This species breeds in eastern Europe and east-central Asia, in Montenegro, Albania, Armenia, Greece, Romania, Bulgaria, Georgia, Russia, Azerbaijan, Turkey, Ukraine, Mongolia, Iran, Turkmenistan, Uzbekistan and Kazakhstan (Crivelli 1996, BirdLife International 2015). European breeders winter in the eastern Mediterranean countries, Russian and central Asian breeders in Iran, Iraq and the Indian subcontinent, and Mongolian birds along the east coast of China (Mix and Bräunlich 2000), including Hong Kong (China). Following massive declines during the 19th and 20th centuries, numbers stabilised between 10,000-20,000 individuals (including c.4,000-5,000 breeding pairs; Hatzilacou 1993) and several colonies have since increased, including at the species's largest colony, at Lake Mikri Prespa in Greece, as well as in Albania, Montenegro, European Russia, Romania, Bulgaria and Turkey (Crivelli et al. 1997, A. Crivelli in litt. 2003, Onmus et al. 2011, S. Bugariu in litt. 2012, BirdLife International 2015, Catsadorakis and Portolou 2017).
The largest current populations are believed to be in Kazakhstan (3,000-3,200 pairs), Russia (1,500-2,700 pairs) and Greece (1,900 pairs) (Catsadorakis and Portolou 2017). The largest colony, at Lake Mikri Prespa, Greece, numbers c.1,400 breeding pairs (M. Malakou in litt. 2009) and there are around 450 pairs in the Danube Delta (S. Bugariu in litt. 2007). The total European population is estimated at 3,000-3,600 pairs (BirdLife International 2015). The Mongolian population continues to decline and is almost extinct (S. Chan in litt. 2003.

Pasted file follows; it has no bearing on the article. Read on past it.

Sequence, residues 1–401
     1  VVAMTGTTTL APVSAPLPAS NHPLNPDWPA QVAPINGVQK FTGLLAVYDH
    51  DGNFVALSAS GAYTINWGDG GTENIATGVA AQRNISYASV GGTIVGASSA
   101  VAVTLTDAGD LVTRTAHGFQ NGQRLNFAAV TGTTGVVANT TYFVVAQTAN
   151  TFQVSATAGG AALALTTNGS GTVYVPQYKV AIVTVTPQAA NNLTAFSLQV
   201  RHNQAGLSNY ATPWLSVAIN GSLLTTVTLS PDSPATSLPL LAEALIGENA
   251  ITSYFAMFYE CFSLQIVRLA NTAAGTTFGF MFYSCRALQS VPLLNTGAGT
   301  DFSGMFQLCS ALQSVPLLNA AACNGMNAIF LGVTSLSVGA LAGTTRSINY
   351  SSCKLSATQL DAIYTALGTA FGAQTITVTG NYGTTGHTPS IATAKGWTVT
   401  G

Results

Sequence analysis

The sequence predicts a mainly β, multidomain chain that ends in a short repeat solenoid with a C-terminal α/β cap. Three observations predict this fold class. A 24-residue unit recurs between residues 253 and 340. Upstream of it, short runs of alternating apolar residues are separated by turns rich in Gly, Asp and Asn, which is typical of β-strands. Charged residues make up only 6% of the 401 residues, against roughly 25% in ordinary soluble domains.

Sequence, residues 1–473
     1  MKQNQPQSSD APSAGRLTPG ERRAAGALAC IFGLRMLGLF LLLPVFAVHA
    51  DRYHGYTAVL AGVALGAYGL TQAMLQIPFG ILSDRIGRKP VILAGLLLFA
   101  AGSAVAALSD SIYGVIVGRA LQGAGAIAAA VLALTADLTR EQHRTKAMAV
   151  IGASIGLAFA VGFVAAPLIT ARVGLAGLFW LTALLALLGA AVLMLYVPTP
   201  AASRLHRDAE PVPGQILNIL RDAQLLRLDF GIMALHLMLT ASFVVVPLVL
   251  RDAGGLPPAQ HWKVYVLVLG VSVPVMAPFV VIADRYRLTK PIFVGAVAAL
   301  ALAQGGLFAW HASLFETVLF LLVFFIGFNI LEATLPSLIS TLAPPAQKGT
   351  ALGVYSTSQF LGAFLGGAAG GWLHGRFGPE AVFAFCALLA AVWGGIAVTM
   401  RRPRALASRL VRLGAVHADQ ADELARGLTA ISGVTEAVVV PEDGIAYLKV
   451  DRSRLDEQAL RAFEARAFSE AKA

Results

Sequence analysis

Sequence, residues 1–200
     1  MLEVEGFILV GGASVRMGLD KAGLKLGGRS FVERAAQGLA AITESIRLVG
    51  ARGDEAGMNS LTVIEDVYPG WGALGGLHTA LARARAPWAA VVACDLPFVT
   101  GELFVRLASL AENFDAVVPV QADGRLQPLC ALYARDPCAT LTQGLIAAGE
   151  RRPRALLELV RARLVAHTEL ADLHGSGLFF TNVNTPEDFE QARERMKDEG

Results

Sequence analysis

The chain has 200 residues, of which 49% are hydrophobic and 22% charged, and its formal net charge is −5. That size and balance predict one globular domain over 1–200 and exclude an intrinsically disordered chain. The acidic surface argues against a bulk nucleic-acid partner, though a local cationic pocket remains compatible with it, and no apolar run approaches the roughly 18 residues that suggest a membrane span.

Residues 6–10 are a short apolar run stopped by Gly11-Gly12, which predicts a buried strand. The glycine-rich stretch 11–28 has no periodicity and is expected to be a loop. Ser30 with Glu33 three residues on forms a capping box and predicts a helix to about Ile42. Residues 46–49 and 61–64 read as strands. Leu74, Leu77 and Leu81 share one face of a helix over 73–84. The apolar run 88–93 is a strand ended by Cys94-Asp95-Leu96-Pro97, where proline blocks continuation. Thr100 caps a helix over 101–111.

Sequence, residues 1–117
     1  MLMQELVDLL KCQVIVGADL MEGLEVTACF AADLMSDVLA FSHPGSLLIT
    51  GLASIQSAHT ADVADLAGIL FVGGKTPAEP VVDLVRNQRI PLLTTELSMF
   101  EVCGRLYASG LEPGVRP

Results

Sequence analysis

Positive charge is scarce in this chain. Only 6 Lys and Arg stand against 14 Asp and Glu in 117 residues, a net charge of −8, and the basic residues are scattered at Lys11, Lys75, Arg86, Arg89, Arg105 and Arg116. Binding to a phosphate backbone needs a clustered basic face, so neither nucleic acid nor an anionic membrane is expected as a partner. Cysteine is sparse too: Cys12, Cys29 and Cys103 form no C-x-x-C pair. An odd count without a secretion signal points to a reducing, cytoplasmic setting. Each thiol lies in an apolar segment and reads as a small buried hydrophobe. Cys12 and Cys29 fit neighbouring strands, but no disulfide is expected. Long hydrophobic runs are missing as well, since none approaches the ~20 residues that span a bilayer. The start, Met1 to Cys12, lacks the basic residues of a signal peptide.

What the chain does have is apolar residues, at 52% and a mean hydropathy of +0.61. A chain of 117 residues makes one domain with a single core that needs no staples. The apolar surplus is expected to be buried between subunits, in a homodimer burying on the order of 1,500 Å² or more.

Behaviour This species is dispersive in Europe, and migratory in Asia (del Hoyo et al. 1992). It starts to breed in late March or April (del Hoyo et al. 1992), sometimes solitarily but usually in dense colonies of up to 250 pairs (del Hoyo et al. 1992; Cramp et al. 1977). Adults form monogamous pair bonds (Mix and Bräunlich 2000). It departs from the colonies between the end of July and September, although a few remain until November (Nelson 2005). It is gregarious during the winter, often occurring in large flocks and foraging communally and cooperatively in small groups (Cramp et al. 1977), although occasionally singly (Cramp et al. 1977). The birds return to their breeding sites in late-January to April, depending on the region (Nelson 2005). Immature birds and non-breeders may remain in the wintering grounds year round (Nelson 2005), or may stay with the breeding colonies (Cramp et al. 1977). They are often nomadic, especially in the Caspian Sea (Nelson 2005).